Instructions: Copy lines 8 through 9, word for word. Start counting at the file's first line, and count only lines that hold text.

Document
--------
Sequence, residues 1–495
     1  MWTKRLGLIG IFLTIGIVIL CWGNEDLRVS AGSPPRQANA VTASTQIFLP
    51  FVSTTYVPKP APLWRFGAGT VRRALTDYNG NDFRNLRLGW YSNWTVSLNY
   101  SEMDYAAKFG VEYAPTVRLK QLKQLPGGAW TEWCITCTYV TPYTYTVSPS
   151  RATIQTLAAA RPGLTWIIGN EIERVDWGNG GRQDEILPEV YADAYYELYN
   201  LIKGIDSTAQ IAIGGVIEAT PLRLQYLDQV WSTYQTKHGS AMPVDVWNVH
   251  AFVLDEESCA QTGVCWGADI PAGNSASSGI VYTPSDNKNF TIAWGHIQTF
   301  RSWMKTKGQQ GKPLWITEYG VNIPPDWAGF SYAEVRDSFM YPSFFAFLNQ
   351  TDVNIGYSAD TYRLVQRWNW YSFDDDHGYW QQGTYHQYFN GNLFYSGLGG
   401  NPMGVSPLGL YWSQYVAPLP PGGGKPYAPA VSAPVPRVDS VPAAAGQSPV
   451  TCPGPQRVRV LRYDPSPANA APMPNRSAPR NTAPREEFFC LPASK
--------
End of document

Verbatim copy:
   301  RSWMKTKGQQ GKPLWITEYG VNIPPDWAGF SYAEVRDSFM YPSFFAFLNQ
   351  TDVNIGYSAD TYRLVQRWNW YSFDDDHGYW QQGTYHQYFN GNLFYSGLGG